Hey guys. I posted this question on Y!A but no one has answered it yet... I guess this is a more appropriate place to ask.
Suppose I have a DC power source (a solar array) that can output up to 110V & 40A, and I want to log the voltage produce by the panel throughout the day. Since feeding 110V directly into the analog input pin of my data-logger will damage it, I am going to scale down the voltage to a maximum of 4.5V. Also, I want to minimize power dissipation by the two resistor, so I am going to use 2 high resistance resistor (maybe 1MegaOhm and 40kOhm) // with the panel, so that a tiny amount of current can flow through the resistors.
But, I heard that high resistance voltage divider is not going to give high precision voltage output. My question is - is it possible to use a lower resistance values resistors with an op amp in voltage follower configuration to yield high precision and low power dissipation voltage divider, considering an OpAmp has Infinite input impedance?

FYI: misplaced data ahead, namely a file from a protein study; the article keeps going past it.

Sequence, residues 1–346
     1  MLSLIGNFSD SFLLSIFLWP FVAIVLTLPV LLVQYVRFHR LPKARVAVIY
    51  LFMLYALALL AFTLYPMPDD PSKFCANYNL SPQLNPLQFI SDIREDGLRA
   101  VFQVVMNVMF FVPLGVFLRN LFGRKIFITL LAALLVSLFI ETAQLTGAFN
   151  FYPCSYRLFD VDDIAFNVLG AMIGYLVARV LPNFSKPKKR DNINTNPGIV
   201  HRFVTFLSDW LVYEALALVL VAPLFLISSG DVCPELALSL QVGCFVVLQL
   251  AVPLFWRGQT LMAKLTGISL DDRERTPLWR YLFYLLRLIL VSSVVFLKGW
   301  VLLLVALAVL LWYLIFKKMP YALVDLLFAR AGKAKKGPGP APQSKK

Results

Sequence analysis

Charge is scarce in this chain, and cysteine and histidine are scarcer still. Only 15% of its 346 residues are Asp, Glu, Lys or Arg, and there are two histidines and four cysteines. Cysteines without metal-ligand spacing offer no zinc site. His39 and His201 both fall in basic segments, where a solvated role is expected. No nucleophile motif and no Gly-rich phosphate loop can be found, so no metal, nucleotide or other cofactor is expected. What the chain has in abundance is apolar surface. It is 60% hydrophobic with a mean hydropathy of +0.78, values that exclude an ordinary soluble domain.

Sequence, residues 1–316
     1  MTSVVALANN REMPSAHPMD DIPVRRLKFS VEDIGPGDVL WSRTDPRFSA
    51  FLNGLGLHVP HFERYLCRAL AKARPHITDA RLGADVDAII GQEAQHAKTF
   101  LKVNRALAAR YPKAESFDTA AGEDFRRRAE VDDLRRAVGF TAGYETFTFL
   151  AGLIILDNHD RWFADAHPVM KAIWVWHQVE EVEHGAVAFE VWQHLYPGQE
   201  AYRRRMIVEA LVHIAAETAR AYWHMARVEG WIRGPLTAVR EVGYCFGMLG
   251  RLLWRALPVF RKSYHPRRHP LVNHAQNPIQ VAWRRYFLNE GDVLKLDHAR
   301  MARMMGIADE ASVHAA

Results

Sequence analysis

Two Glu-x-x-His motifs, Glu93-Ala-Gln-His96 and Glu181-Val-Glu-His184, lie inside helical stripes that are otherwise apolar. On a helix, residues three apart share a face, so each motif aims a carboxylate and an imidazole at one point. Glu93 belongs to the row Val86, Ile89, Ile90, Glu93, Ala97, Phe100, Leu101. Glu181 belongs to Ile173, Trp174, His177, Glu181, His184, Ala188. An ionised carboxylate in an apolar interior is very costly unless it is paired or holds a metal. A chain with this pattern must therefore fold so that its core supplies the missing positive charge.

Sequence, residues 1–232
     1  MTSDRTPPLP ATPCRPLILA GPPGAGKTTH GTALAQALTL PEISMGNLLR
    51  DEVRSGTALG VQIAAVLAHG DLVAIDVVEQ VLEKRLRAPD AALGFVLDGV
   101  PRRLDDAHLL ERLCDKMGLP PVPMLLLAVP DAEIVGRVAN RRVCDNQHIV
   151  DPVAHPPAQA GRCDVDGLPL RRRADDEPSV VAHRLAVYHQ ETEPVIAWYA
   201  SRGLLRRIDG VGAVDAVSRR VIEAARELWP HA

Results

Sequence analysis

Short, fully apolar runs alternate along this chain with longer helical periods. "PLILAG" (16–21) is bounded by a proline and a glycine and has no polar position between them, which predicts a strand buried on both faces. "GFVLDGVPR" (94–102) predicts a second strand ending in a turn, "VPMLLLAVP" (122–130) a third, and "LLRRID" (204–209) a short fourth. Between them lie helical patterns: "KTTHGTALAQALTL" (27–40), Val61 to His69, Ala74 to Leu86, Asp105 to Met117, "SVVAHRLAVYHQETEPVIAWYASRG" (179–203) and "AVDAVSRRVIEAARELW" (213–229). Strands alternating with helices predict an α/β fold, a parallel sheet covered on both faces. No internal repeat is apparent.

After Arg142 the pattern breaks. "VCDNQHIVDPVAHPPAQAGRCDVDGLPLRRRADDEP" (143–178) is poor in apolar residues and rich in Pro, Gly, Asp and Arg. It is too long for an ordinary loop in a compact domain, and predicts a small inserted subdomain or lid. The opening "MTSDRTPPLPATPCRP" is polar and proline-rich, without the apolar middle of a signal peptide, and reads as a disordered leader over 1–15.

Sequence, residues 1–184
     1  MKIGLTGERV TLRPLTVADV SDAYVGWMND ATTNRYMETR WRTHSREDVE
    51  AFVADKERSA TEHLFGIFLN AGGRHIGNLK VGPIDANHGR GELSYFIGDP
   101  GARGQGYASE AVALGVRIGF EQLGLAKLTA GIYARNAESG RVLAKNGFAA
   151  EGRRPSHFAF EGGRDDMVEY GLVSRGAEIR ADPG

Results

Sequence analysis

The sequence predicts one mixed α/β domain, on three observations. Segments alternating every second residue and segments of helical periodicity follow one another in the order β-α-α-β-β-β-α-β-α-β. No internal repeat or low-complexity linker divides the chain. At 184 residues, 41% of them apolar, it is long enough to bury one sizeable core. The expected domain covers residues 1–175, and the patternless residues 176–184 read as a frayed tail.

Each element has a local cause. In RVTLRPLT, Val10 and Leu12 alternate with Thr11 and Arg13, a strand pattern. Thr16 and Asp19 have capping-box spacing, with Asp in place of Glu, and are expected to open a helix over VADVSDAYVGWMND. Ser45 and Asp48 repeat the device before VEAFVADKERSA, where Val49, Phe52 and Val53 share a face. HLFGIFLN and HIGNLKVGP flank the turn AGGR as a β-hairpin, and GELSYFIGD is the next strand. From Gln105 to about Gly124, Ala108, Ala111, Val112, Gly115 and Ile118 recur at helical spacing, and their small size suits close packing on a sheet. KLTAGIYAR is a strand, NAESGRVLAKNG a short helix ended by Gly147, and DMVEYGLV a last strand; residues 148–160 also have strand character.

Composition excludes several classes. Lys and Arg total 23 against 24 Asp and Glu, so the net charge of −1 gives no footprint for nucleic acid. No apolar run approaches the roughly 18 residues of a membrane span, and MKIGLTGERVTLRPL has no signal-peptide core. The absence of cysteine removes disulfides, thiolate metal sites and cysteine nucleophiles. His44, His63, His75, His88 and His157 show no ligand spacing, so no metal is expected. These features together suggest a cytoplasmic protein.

According to this site, one of the application is that "A bridge circuit or a voltage divider circuit - maybe where there is a resistive sensor in the bridge or voltage divider - and drawing current when you measure the voltage would be enough to change the voltage." http://www.facstaff.bucknell.edu/mastascu/elessonsHTML/OpAmps/OpAmp3Note1Buffer.htmlBut I am not sure how exactly do I setup the circuit and what resistor to use. There was another guy who suggested me to use an instrumentation amplifier instead of an OpAmp, but I can't figure out what difference is it going to make.
I guess using an OpAmp also has another advantage - in order to measure the voltage from the voltage divider, I am going to have to connect the ground of the 110V solar panel with the ground pin of my tiny microcontroller. If my voltage divider has infinite impedance, it can effectively eliminate ground loop effect. Can anyone confirm this? Thanks!